Posts Tagged: "Congress"

House Judiciary approves Innovation Act despite clear lack of consensus

Dissent among members of Congress on the nature of the Innovation Act was evident from the opening remarks of the committee’s two ranking members. Congressman Bob Goodlatte (R-VA), the House Judiciary Committee Chairman and the Innovation Act’s major sponsor, stated that the Innovation Act would “ensure that the patent system lives up to its constitutional underpinnings” while targeting the abusive patent litigation which has been central to the debate on patent trolls. The ranking Democratic member of the committee, Congressman John Conyers (D-MI), said the bill was overly broad and yet it didn’t adequately address issues significant to this debate, including abusive demand letters and the ending of fee diversions from the U.S. Patent and Trademark Office’s budget.

Patent Reform 101: A comparison of current fee-shifting language

Goodlatte was incredulous, explaining that he sees no substantive difference between the language in the Innovation Act and the language in the PATENT Act. The difference between the House bill and the Senate bill boils down to the presumptions made and who will wind up bearing the burden of proof. Congressman Goodlatte is sophisticated and knowledgeable. Surely he has to understand both that there is a difference and that the difference is meaningful.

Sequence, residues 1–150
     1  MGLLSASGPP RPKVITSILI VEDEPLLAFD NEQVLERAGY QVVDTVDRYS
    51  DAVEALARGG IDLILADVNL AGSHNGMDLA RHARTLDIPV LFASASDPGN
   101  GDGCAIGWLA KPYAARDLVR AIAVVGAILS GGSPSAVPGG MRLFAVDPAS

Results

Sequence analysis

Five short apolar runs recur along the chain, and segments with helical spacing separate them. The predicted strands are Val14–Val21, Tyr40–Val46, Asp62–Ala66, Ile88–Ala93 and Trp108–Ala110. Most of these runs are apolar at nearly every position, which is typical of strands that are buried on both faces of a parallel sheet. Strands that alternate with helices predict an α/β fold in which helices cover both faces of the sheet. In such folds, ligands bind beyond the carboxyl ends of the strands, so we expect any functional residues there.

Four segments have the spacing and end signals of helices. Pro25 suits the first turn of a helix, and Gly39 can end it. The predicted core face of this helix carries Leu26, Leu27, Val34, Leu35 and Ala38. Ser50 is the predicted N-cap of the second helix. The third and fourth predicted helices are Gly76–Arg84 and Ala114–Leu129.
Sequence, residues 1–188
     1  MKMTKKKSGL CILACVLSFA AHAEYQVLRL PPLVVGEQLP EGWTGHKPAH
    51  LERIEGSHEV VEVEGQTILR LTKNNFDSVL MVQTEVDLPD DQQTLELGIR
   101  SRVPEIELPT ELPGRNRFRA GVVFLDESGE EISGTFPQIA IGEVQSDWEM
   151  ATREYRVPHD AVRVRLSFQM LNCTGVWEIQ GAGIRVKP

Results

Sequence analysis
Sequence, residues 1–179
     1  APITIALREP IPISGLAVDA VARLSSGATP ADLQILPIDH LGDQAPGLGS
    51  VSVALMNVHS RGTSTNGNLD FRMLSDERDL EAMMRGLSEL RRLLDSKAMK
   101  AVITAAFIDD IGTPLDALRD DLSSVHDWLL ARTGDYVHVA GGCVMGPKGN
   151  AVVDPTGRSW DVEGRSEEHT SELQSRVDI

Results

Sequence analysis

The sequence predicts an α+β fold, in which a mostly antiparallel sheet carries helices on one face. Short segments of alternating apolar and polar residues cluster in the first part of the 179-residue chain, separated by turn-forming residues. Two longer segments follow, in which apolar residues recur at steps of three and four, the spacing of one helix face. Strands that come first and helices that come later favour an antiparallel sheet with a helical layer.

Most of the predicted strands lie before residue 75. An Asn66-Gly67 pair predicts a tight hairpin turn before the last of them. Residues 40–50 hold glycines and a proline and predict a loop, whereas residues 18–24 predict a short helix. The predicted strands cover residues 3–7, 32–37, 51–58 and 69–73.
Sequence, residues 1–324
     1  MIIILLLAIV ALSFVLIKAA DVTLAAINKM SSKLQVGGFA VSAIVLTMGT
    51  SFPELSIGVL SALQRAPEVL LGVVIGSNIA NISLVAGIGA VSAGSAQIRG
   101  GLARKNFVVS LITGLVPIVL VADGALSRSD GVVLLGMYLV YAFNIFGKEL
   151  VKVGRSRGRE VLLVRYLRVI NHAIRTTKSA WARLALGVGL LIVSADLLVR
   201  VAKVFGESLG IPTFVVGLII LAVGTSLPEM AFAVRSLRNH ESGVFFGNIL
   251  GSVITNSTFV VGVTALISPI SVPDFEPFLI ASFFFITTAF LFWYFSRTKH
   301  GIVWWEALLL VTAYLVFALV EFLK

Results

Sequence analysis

Strict venue provisions for patent litigation added to Innovation Act

Issa’s amendment changes the language so that a party bringing a patent infringement suit where the defendant has its principle place of business, where the defendant has a physical presence, or where the patent owner has a meaningful physical presence due to research and development or manufacturing. At first glance these venue provisions seem reasonable because they would curtail the extreme forum shopping that does go on in patent cases, as witnessed in the Eastern District of Texas. On closer consideration, however, this provision could create problems for those patent owners who are not bad actors that seek to abuse the system or take advantage by only filing in favorable, remote forums.

Amendment to extend CBM defeated in House Judiciary Committee

One of the issues that took up a significant amount of time during the first half of the hearing was the proposed extension of the transitional program covered business method review. The amendment submitted by Congressman Issa (R-CA) sought to extend CBM by pushing back the sunset period until December 31, 2026. The Issa amendment to extend CBM was defeated by a vote of 18-13.

House Judiciary to Markup Innovation Act this Week